- NEW DVD Series – Stone Setting with Bezels
- Tube Set Charm by Kim St. Jean
- Prong Basket Pendant by Kim St. Jean
- NEW DVD Series – Stone Setting with Cold Connections
- New DVD Series – Stone Setting with Wire
- NEW DVD Series: Introduction to Stone Setting by Kim St. Jean
- Featured Tool: Bracelet Bending Plier
- NEW Dvd by Eva Sherman
- Fun, Fast Fold Forming DVD Series
- Double Band Ear Cuff from Alex Simkin
Gem Profile August 17: Morganite
by Rose Marion, Wire-Sculpture.com
One of the recent finds of the 20th century, Morganite was first discovered and recognized on an island off the coast of Madagascar, and then also found in Pala, California, along with tourmaline and kunzite. Deposits since have been found in Brazil, Mozambique, Namibia, Russia, and Afghanistan, but it is still regarded as a rare gemstone. A beautiful beryl gem, morganite features a pink-to-peach translucent color (see a photo of a cut morganite gemstone here).
Called pink beryl until it was given the name morganite, this gem is named for a millionaire whose holdings still make news today: J.P. Morgan, the bank tycoon and avid gem collector. Morganite was given its honorary name by George Kunz, who held many jobs at Tiffany & Co. including mineralogist, buyer, and eventually vice president . Kunz who depended greatly on J.P. Morgan, his biggest benefactor. (Kunz’s namesake stone is Kunzite, a pink-light purple gem form of the mineral spodumene – Kunz was the first to describe kunzite, in 1902). While Kunz suggested the name, the New York Academy of Sciences was the organization to officially name this stone morganite. Besides pink beryl, some other names for morganite are rose beryl, pink emerald, and cesian beryl. The pink in morganite is thought to come from traces of the element manganese in the stone.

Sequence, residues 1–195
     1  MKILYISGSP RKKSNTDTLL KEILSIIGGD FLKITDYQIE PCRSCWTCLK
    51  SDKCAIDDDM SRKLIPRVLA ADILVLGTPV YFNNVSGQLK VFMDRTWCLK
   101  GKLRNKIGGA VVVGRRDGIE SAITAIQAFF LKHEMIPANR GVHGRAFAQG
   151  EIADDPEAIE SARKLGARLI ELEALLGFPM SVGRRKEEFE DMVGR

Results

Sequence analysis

One of the most famous morganite specimens is "The Rose of Maine," found on October 7, 1989 at the Bennett Quarry in Buckfield, Maine, weighing just over 50 pounds, including its matrix! This piece was about 9 inches long and 12 inches across.
Morganite can have slightly yellow or salmon-colored patches (and the yellow can be improved with irradiation), but red beryl is seen as a separate stone, not under the morganite umbrella. Red beryl was called "bixbite" for a time, but this is discouraged because there is a different mineral, a rare dark crystalline gem named "bixbyite," causing confusion! Red beryl has also been called red emerald or scarlet emerald, and was first described in 1904 in Juab County, Utah. It is also found in other locations in Utah and New Mexico, and is extremely rare. Another reddish beryl, pezzottaite, is seen as another separate stone (also called raspberry beryl or raspberyl), and it’s found in Madagascar and Afghanistan. While "raspberyl" and red beryl may have a similar color, they conduct light differently through the gem, which is how a mineralogist can determine the difference between the stones.
Unlike emerald, morganite is typically free of inclusions and quite hardy. To care for morganite gem, remember that it is a beryl like aquamarine, rating above quartz in hardness on Moh’s scale, about 7.5-8, so it is safe for everyday wear, even in rings. Simply clean with mild dish soap and a soft toothbrush to keep a morganite gem dazzling.
Metaphysically speaking, morganite is associated with the heart chakra and can aid in attracting love as well as balancing emotions and increasing compassion and empathy.
Next Friday’s Gem Profile is on Iolite, the gem form of cordierite. Have you made wire jewelry with iolite before? Send your iolite pictures to firstname.lastname@example.org, and they could be featured!
Resources & Recommended Reading
- Morganite on AGTA
- George Kunz on Wikipedia
- Kunzite on Wikipedia
- Beryl on Wikipedia
- Morganite metaphysical properties
- Morganite gemstones cut by John Dyer (must-see!)
Gem Profile by Rose Marion